Same-sex marriage in Chiapas
Various LGBT activist groups delivered documents to the executive and legislative branches of government and the State Board of Human Rights on 15 February 2012, recommending amendments to the marriage laws of Chiapas to comply with federal anti-discrimination provisions. On 29 November 2013, Diego Cadenas Gordillo, acting as a human rights activist, sent a bill to legalize same-sex marriage and reform the Civil Code and Civil Procedure of the state. The proposal was rejected on 13 December 2013, citing that "popular initiatives" must be supported by 1.5% of the electorate, or 50,500 voters. On 3 January 2014, an injunction was filed before a federal judge because of the refusal of Congress to act on the initiative. The judge denied the injunction against the Civil Code and an appeal was filed with the Twentieth Circuit Court. In November 2014, activist and lawyer Diego Cadenas Gordillo filed a request for formal intervention by the Inter-American Commission of Human Rights (IACHR), claiming that the state Legislature, Governor Manuel Velasco Coello, nor the State Commission of Human Rights had responded to the discriminatory laws banning same-sex marriage in Chiapas.
After clashes between the Mayor of Chilón and religious groups in January 2014, activists filed a complaint with the National Commission on Prevention of Discrimination (Conapred). On 27 March 2014, Deputy Alejandra Ruiz Soriano from the Party of the Democratic Revolution (PRD) filed an initiative to amend 19 articles of the Civil Code and 15 articles of the Code of Civil Procedure, to incorporate the concept of marriage as "the free union of two people for the community of life, where both respect, equality and mutual aid are sought." In addition, it also standardized the concept of cohabitation, disregarding a person's sexual preference.
A new same-sex marriage bill was presented to the Chiapan Congress in May 2016. According to Unidos Diferentes Asociación Civil (UDAC), a local LGBT advocacy group, the same-sex marriage bill was taken off the agenda several times and not voted upon due to the actions of the president of the local Congress, Eduardo Ramírez Aguilar. Additionally, UDAC has said that the bill does not address the issue of adoption for same-sex couples.
On 25 September 2014, a collective injunction for the legalization of same-sex marriage was filed. On 3 March 2015, 51 couples won the right to marry as the state's Civil Code was deemed unconstitutional by the SCJN. On 26 March 2015, a document sent from the Chiapan Congress was publicised and denounced the ruling and asked for a review stating in their brief that same-sex marriage was unnatural while making comparisons of homosexual relationships to incest. The Chairman of the Board of Congress later denied the filing of the review stressing that only he has the power to make the request and insisting that he never signed any document regarding the issue. However, on 16 April 2015, the media revealed that the state's Judicial Council website received the request on 23 March 2015 and had already assigned a number to the case.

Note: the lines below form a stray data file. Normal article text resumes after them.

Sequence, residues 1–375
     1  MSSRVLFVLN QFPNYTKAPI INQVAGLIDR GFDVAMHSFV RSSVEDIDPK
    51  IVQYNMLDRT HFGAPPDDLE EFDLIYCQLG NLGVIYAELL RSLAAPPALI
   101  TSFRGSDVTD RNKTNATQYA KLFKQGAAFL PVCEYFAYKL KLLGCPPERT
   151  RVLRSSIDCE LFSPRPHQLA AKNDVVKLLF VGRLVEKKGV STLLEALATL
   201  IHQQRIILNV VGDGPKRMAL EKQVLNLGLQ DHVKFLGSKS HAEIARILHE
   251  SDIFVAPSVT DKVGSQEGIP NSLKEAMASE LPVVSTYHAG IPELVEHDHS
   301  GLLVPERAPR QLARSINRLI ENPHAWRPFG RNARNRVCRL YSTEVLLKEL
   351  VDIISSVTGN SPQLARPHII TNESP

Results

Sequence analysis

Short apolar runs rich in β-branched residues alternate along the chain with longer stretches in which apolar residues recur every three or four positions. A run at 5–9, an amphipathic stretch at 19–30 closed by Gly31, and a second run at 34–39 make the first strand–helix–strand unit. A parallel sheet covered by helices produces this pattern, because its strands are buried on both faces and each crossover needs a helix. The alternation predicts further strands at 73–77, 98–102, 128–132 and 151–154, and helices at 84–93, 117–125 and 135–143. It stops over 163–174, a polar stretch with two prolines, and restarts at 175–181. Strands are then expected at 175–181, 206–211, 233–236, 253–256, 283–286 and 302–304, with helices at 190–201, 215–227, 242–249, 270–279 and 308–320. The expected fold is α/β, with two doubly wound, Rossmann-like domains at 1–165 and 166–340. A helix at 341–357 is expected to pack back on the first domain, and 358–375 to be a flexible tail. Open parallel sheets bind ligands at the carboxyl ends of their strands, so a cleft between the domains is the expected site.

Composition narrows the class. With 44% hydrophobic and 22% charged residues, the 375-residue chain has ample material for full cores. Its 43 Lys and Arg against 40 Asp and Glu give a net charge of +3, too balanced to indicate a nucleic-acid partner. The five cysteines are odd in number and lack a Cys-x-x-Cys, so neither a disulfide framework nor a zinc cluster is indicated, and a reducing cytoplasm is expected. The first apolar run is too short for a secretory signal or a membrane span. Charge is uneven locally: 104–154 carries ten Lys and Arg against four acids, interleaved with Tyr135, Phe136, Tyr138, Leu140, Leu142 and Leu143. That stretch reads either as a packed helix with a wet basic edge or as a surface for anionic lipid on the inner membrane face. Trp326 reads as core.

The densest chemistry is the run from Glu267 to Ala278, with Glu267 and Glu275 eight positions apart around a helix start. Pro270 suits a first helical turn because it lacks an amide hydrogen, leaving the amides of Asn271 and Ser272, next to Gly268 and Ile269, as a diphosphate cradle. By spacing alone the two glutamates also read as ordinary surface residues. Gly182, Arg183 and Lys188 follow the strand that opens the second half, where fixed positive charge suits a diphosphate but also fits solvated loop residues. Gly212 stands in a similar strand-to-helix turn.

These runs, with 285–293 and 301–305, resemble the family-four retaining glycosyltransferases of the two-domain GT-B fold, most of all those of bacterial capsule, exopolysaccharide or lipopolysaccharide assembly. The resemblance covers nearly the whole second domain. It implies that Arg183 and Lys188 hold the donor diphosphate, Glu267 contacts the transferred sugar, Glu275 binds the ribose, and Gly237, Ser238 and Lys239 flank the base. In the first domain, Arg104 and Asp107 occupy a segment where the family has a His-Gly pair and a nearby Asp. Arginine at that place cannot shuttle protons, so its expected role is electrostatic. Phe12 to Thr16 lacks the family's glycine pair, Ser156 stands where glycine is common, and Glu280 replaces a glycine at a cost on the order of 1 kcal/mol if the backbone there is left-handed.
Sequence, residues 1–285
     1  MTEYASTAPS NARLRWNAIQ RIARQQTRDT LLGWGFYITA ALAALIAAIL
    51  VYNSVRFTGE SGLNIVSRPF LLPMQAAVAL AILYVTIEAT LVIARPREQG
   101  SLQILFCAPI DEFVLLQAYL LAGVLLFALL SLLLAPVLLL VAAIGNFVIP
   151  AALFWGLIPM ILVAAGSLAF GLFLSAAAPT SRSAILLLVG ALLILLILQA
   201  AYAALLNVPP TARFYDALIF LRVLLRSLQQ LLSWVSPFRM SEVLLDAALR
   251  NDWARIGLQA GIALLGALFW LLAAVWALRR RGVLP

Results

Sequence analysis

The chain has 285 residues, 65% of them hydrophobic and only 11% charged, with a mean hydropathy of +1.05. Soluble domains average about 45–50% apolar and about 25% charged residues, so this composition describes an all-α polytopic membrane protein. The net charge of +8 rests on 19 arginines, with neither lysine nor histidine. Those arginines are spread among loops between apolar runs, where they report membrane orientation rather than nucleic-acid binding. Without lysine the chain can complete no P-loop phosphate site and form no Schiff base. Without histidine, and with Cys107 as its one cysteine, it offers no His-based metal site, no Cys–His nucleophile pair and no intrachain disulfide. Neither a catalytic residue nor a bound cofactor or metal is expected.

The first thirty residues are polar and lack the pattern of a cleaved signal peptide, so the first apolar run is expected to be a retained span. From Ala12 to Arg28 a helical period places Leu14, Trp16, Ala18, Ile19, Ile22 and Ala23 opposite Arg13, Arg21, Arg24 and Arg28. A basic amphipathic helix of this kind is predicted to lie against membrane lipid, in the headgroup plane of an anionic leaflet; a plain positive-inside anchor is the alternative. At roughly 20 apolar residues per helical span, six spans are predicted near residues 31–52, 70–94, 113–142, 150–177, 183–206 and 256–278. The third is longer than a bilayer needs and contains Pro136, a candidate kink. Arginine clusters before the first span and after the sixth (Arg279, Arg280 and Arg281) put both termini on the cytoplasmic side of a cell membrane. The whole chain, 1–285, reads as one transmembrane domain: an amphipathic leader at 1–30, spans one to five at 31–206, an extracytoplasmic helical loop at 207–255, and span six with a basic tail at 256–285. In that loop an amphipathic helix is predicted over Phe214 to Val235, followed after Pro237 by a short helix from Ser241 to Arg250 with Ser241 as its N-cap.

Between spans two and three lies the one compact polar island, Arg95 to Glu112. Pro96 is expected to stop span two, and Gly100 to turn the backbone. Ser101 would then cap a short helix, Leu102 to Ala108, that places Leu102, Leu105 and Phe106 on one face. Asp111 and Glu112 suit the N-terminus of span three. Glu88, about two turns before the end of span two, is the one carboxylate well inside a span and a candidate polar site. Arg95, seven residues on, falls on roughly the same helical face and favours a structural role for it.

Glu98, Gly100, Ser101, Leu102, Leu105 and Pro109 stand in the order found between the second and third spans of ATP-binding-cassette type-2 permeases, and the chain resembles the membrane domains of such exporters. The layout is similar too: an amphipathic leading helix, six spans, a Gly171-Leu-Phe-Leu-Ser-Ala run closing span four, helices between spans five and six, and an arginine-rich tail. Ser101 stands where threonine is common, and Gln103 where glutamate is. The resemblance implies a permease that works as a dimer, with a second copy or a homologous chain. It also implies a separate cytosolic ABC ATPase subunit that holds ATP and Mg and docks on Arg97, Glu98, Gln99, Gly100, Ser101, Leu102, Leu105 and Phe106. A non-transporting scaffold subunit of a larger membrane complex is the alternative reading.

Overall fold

In December 2015, a lesbian couple was able to marry in the capital city of Chiapas, Tuxtla Gutiérrez. In July 2016, the Second District Court, based in Tuxtla Gutiérrez, granted another amparo to a same-sex couple. The Court declared articles 144 and 145 of the Chiapan Civil Code unconstitutional. In September 2016, the First Chamber of the Supreme Court declared various articles of the state's Civil Code unconstitutional for limiting marriage to opposite-sex couples.
2017 Supreme Court ruling
On 6 April 2016, an action of unconstitutionality was filed before the Mexican Supreme Court. The action sought to legalize same-sex marriage in Chiapas, similarly to Jalisco (where the Supreme Court struck down that state's same-sex marriage ban in a unanimous ruling in early 2016). On 11 July 2017, the Court ruled that the man-woman definition of marriage in the Chiapas Civil Code was unconstitutional, effectively legalizing same-sex marriage in the state and specifying that an amparo is not required. The first same-sex marriage ceremony celebrated in Chiapas following the ruling occurred in late July 2017, though the couple still married using an amparo. The Civil Registry began accepting marriage applications from same-sex couples on 30 October 2017. The first couple to marry (without an amparo) did so in San Cristóbal de las Casas that day.
Officials from the state later confirmed that same-sex couples are allowed to adopt.
From December 2017 to June 2018, more than 300 same-sex marriages were performed in Chiapas. Most of these marriages were carried out in Tuxtla Gutiérrez, San Cristóbal de las Casas, Tapachula and Comitán. Additionally, many couples came from other states (including from Tabasco, Veracruz and Oaxaca).
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- Consensan iniciativa para unión legal entre personas del mismo sexo
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- (in Spanish) Juez resuelve a favor de matrimonio de pareja gay en Chiapas
- (in Spanish) SCJN avala matrimonios gay en Nuevo León, Hidalgo y Chiapas
- (in Spanish) Índice de Acciones de Inconstitucionalidad
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- (in Spanish) Ya son legales las bodas entre personas del mismo sexo en Chiapas
- (in Spanish) Parejas gay en Chiapas podrán adoptar, acceder a la salud…
- (in Spanish) Se han realizado en Chiapas más de 300 matrimonios igualitarios